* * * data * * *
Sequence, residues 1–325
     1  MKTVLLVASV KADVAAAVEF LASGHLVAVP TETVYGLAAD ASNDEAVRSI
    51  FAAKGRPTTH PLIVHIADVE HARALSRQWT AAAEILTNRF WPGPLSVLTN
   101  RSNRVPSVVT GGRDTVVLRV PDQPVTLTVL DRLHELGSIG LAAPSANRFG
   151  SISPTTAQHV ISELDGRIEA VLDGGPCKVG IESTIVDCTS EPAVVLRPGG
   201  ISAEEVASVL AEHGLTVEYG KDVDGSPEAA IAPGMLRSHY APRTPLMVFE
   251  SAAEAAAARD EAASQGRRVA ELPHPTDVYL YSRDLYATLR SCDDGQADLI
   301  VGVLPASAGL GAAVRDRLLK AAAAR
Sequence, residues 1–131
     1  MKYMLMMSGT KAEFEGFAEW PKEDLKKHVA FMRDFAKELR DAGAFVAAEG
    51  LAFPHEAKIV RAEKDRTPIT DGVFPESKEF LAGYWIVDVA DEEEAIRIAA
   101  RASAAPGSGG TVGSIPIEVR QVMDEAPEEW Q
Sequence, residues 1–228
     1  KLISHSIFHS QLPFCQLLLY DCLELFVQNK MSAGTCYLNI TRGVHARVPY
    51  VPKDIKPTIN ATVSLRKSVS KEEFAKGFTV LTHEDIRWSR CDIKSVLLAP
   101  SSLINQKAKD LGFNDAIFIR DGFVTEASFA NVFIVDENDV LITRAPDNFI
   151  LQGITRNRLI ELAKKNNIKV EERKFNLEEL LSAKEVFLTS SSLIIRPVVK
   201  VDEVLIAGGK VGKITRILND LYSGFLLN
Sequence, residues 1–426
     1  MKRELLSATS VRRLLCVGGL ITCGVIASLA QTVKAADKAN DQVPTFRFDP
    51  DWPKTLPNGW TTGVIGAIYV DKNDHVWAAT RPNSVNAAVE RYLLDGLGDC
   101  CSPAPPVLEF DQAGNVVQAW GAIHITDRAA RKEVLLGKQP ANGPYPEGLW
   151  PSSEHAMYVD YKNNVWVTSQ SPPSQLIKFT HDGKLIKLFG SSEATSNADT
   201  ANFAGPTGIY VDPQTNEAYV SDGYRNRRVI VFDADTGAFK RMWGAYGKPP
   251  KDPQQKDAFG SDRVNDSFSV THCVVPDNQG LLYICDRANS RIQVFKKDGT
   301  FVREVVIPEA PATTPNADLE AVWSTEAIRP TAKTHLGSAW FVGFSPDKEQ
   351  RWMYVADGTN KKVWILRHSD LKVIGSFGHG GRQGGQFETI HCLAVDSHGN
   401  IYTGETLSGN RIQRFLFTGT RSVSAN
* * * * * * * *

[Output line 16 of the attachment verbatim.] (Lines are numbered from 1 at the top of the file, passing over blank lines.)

   101  SSLINQKAKD LGFNDAIFIR DGFVTEASFA NVFIVDENDV LITRAPDNFI